Today you stole away an entire day’s worth of education belonging to one of my female students. Today you stole away countless chances for her to interact, collaborate and learn with her peers. Today you stole away my female student’s chance to work in class on lessons that her teachers carefully constructed just for her class.
Today you stole away: 9 periods worth of her classroom time.
Today you stole away seven hours of her education.
Today you stole away 420 minutes of her education.
Today you stole away 25,200 seconds of her education.
This student, let’s call her Sandra, spent her day on school grounds. However, she spent her day isolated. Sent to another building with other “trouble kids,” she sat in silence. I wonder if she spent the day seething at injustices or if she was holding back tears of confusion and embarrassment. Maybe it’s worse, maybe she has simply accepted what you have stolen from her today. After all, she’s not the only one who has had these experiences. She might not even be the only one today.
Today, my student showed up to school on time. Despite the fact that there are three inches of snow on the ground and that the temperature outside is barely above zero. Today, when many others didn’t even bother, she showed up. She got out of bed, got dressed, grabbed her backpack and she showed up.
As an educator, I cannot explain to you how hard it is for some students, and how crucial it is for all students, to show up.
She got to school and decided to leave her coat on. Our hallways are chilly, but coats are against safety policies. A teacher asked her to take it off. She explained that she was cold. She was told to take it off. She did and, seeing a small flash of flesh, my student was sent to have the rest of her day stolen away.
Today my student was sent to a small room, in a different building, to sit in the crushing silence of In-School-Detention for daring to show a sliver of flesh.
Today I was to teach the students that, as a student teacher, I normally teach for free — or for me 7k a semester, depending on how you look at it. Today, I was an official substitute for the teacher whose class I have borrowed for the last 110ish days. This comes with certain privileges, but also many limitations. For example, like many building substitutes, I don’t have an email with which to correspond to other teachers.
Also, like most teachers, even if I had a school email there would only be certain times of the day I would check my email. As a sub, I don’t receive emails related to suspensions, absences, or in-school-detention. Therefore, imagine my surprise when a student in my fifth period asked if he could take the daily worksheet down to Sandra, “she’s downstairs.”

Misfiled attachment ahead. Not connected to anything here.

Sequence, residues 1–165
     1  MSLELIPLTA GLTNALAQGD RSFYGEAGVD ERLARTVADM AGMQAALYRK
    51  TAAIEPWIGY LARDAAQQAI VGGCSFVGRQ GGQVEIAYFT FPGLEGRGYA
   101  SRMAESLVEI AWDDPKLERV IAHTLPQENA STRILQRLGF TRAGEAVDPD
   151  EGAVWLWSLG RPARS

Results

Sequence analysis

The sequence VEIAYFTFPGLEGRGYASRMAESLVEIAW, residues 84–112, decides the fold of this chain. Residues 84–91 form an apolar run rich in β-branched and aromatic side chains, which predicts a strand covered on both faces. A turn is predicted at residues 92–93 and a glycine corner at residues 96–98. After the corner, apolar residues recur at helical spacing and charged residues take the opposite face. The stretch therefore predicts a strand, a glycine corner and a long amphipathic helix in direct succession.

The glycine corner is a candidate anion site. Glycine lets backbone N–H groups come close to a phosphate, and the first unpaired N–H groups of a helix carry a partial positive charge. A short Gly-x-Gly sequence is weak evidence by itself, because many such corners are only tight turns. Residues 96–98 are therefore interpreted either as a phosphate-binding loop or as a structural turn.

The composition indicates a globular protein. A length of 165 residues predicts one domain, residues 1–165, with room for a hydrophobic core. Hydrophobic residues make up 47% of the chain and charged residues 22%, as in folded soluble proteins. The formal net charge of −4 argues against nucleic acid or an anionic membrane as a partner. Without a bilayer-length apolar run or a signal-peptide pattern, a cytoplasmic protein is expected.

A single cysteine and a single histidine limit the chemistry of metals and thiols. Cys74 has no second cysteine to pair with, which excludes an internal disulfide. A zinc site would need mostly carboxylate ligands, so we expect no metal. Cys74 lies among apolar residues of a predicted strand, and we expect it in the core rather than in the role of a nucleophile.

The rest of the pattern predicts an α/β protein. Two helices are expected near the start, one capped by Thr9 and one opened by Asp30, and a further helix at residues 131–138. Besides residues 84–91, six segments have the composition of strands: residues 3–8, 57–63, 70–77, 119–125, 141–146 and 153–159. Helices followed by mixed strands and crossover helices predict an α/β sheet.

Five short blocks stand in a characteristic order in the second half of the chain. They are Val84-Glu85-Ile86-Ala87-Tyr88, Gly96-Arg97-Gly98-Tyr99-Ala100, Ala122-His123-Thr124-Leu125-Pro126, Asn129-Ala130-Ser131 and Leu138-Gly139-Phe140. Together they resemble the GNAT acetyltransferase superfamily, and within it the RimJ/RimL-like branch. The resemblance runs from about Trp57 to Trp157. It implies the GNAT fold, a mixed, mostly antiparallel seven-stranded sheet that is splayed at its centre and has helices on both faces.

“Why is she downstairs?” I asked, completely confused. This is a fairly large school and each level of the school is sectioned off for each grade level. There is really no reason a freshman should be downstairs with the seniors.
I had noticed she wasn’t there, but I had no way to know that she wasn’t simply absent.
The male student replied so nonchalantly, “She got in trouble this morning for a dress-code violation and now she is in AIM all day.” Of course, he saw little issue with this, apparently dress-code violations and their punishments were common here.
Dear Administrators/Educators/Whoever-the-hell decides these things,
For the record, you can call these programs whatever happy, unicorn, flowers and rainbows name you want. The students aren’t falling for it and neither are your teachers. You’ve locked the “behavior students” away in a different building — sometimes for multiple days — and it’s still going to be a bad move. Even if you call it “Reach for the Skies” or whatever else name makes it so you feel less guilty, it still won’t fix 90% of the problems that caused the students to be in there in the first place.
— I digress.
I cannot describe to you my outrage and my struggle to maintain my composure in front of this student. I felt a true, protective and fierce anger come over me as I processed what was said.
I struggled to comprehend. So, my student — who, by the way, is on IEP and is legally required to have extra time on all assignments — had an entire day’s worth of her education stolen and THEN no one even bothered to come get her assignments?!
Shortly after class, lunch began and I sought out the room that she was in. Little did I know that the room she had been banished to wasn’t even part of the building. Instead, I walked across a small road behind the school into an even smaller building. I wanted to see her and hear from her, as well as explain to her what had happened in class.
I had and have so much to say to her, to these readers, to other educators, and to Americans all over. I told her that I would be looking into what had happened and that I was also upset.
The truth is that I don’t wield that much power. But, also, the truth is that I promise to try. All I can say is today my student had an entire day of her education stolen because her shirt was a few inches to short. This is not okay.
It is not okay to boil a student’s education down to a few inches. On my way to see her I passed three boys with dress-code violations that no one bothered to correct! Furthermore, we continue to ignore the fact that student dress codes often discriminate against young women, especially women of color.
How have we reduced whether a student deserves a day of education down to whether or not I can see two inches of her stomach? How can we decide this based on whether or not a young woman of color has “too much hair?” We must, must, do better. We must stop mandating that teachers pay such close attention to adolescent bodies, when there is already such few moments for paying attention to their minds.
**I have not posted a picture of her shirt; although, I asked her if I could take one to show the administrators at my school. I am not posting it in an effort to protect her privacy.**